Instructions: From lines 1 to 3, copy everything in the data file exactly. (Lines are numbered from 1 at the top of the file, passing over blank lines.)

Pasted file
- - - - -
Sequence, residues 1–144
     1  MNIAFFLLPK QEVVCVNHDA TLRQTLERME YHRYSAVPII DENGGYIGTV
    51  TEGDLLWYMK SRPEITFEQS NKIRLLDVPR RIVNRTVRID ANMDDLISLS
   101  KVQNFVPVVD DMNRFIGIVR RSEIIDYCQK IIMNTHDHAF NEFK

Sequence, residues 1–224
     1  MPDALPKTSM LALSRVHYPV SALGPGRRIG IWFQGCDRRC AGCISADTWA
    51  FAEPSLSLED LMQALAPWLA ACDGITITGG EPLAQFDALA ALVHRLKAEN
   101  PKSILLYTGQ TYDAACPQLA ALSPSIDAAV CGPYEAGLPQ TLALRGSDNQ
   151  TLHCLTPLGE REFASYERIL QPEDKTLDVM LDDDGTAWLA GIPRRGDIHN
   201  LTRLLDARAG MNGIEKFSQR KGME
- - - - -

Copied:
Sequence, residues 1–144
     1  MNIAFFLLPK QEVVCVNHDA TLRQTLERME YHRYSAVPII DENGGYIGTV
    51  TEGDLLWYMK SRPEITFEQS NKIRLLDVPR RIVNRTVRID ANMDDLISLS